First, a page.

The Foreign Policy Essay: The Fault Lines in China’s New Empire

Cadets of the Peoples LIberation Army. Image: US Department of Defense/Flickr

This article was originally published by the Lawfare Blog on 9 November 2014.

Editor’s Note: Under President Xi Jinping, China appears more aggressive and dictatorial: a worrisome combination as China’s wealth makes it more influential and helps it build a stronger military. Drawing on her piece in the latest issue of Foreign Affairs, Elizabeth Economy of the Council on Foreign Relations argues that Xi’s “China Dream” is not coming to pass: his attempt to transform the country is encountering resistance, and the resulting divisions and weaknesses are likely to limit Beijing’s influence in the years to come.

Chinese president Xi Jinping is attempting to reform—even revolutionize—political and economic relations within China as well as between China and the rest of the world. He has articulated a vision for China that is well encapsulated in his “China Dream,” or the rejuvenation of the great Chinese nation. In practical terms, this means Xi Jinping himself is at the top of a strong Communist Party, at the forefront of the political system, in command of a robust and innovative Chinese economy, and fostering an expansive foreign policy in which all roads lead to Beijing. It is a Chinese empire with socialist characteristics.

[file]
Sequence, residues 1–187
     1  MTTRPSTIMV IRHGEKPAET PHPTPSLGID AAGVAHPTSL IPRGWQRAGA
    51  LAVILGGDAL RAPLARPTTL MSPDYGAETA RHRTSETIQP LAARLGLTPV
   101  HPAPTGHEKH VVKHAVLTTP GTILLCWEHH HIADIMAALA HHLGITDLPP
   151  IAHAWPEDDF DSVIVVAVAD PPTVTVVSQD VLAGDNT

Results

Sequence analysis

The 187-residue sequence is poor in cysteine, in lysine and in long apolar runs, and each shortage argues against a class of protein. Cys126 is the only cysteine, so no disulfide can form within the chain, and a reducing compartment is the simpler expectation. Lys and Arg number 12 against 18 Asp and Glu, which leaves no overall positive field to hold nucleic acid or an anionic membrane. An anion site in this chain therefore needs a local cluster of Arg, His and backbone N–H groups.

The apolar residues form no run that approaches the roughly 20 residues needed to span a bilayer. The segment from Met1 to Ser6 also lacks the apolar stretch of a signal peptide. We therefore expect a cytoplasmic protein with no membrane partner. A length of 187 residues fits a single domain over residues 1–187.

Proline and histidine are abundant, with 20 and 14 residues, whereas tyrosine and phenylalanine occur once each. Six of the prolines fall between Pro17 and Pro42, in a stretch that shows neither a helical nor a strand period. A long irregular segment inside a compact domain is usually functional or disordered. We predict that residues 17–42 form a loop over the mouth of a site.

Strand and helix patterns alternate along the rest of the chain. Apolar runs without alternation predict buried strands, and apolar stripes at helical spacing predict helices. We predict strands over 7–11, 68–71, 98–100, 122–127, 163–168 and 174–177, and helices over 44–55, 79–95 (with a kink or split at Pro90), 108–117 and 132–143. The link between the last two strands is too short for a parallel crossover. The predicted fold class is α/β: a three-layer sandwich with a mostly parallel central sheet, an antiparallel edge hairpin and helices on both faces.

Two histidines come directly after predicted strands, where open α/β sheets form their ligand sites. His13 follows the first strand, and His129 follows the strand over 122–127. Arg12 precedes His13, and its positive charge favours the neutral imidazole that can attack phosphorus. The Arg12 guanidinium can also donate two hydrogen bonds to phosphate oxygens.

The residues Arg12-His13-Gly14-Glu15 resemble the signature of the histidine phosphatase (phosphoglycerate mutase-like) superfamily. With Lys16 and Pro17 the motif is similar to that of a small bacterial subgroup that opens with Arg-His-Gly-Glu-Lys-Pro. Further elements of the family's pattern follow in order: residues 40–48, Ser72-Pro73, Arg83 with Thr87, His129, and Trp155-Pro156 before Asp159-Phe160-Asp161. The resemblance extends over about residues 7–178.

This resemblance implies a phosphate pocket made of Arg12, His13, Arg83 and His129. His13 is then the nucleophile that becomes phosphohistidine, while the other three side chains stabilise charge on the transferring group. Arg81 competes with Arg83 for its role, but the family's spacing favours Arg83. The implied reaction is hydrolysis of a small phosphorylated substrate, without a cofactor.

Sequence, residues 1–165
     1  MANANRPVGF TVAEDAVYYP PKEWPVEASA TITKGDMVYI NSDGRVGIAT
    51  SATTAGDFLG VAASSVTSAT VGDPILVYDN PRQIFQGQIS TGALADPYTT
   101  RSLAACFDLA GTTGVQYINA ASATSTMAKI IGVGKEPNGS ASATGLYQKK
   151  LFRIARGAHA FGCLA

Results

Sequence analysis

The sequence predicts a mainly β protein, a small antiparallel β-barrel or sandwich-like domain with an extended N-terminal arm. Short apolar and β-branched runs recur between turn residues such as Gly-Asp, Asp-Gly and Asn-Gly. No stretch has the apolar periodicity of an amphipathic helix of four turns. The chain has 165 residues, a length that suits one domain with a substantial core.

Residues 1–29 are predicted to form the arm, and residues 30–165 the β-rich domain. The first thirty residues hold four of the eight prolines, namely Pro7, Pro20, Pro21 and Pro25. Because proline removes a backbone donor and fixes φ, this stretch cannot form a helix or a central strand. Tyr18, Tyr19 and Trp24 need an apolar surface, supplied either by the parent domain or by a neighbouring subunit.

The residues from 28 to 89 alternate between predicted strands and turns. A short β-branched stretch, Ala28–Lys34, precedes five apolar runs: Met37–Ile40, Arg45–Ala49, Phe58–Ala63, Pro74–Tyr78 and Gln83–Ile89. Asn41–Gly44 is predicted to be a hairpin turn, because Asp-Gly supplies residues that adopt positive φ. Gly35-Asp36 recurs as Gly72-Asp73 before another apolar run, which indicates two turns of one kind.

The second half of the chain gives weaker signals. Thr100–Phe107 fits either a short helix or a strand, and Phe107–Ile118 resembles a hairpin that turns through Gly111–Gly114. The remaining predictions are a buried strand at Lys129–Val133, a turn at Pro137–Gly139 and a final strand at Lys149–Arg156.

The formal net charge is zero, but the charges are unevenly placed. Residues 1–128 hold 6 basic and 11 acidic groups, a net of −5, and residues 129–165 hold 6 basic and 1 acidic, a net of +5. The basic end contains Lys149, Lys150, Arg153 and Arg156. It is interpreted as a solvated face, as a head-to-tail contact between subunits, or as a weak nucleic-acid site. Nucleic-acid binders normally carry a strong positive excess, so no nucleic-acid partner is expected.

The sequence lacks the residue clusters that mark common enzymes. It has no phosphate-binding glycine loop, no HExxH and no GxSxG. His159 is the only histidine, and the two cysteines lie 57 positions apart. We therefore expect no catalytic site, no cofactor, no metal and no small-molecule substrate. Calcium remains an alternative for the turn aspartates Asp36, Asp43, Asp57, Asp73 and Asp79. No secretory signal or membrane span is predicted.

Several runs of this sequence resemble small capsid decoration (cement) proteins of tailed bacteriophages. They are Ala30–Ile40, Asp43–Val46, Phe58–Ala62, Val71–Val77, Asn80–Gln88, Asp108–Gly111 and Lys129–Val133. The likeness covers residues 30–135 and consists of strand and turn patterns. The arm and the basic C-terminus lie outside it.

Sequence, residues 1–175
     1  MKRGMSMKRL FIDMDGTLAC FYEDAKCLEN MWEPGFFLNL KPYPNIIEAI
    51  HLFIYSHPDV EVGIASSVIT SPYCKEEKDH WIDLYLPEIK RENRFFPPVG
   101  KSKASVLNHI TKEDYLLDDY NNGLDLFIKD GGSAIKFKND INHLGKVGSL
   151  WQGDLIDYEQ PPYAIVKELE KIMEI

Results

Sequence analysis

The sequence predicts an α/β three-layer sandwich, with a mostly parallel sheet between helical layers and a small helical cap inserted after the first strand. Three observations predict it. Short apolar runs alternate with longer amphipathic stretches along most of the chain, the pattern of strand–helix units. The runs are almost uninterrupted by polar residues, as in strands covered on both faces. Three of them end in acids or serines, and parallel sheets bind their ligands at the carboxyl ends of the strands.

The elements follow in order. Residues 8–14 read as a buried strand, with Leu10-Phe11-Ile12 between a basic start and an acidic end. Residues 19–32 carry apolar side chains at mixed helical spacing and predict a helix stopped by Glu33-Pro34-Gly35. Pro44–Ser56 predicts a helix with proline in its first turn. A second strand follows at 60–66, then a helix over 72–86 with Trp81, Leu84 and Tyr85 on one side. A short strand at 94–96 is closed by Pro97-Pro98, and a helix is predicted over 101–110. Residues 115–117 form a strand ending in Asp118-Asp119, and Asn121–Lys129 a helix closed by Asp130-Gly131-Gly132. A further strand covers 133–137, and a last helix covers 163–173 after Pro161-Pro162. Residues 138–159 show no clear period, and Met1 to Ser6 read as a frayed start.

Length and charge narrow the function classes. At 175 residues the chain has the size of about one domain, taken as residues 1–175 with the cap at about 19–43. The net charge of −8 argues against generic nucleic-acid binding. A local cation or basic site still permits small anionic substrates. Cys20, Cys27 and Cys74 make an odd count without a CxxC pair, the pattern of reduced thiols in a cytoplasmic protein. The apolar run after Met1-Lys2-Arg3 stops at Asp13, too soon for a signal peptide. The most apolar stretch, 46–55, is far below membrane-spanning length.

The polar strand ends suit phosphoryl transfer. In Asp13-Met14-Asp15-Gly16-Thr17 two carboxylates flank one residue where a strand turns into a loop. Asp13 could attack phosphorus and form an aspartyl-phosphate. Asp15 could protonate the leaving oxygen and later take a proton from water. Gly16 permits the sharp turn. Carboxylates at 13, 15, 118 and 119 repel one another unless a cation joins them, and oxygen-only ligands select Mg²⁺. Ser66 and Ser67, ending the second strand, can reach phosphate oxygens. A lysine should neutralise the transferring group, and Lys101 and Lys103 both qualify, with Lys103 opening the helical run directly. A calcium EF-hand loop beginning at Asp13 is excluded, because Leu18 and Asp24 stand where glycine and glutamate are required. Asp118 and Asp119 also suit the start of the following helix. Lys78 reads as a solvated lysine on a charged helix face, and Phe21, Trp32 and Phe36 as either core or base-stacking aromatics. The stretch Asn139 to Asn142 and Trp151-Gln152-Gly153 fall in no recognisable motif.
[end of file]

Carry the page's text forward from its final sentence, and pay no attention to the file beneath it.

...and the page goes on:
Afghanistan in the Balance

Afghanistan in a precarious balance between great powers, photo: imagemonkey/flickr

Afghanistan has long been precariously positioned within the international balance of power, where it has served as both playground and graveyard of rival nation-states. This week the ISN takes a closer look at Afghanistan’s continued importance in relation to great power politics, in addition to its more closely documented localized conflicts.

This ISN Special Report contains the following content:

  • An Analysis by Professor John Brobst, on the importance of Afghanistan in relation to great power politics.
  • A Podcast interview with Professor Anatol Lieven of King’s College London explores the fundamental difficulties that the international community faces in trying to forge a peace or build a nation in a country with a fraught history, deep divisions and a disdain for outside interference.
  • Security Watch articles about the Wikileaks and McCrystal scandals, the donor gap and much more.
  • Publications housed in our Digital Library, including the Institute of South Asian Studies’ papers on President Zardari in China and the Afghan peace jirga.
  • Primary Resources, like the full-text of President Obama’s June 23rd statement on the General McCrystal firing.
  • Links to relevant websites, such as the ‘Afghanistan Conflict Monitor’ blog, an initiative of the Human Security Report at the School for International Studies at Simon Fraser University.
  • Our IR Directory, featuring the Afghanistan Women Council, designed to assist and empower Afghan women and children.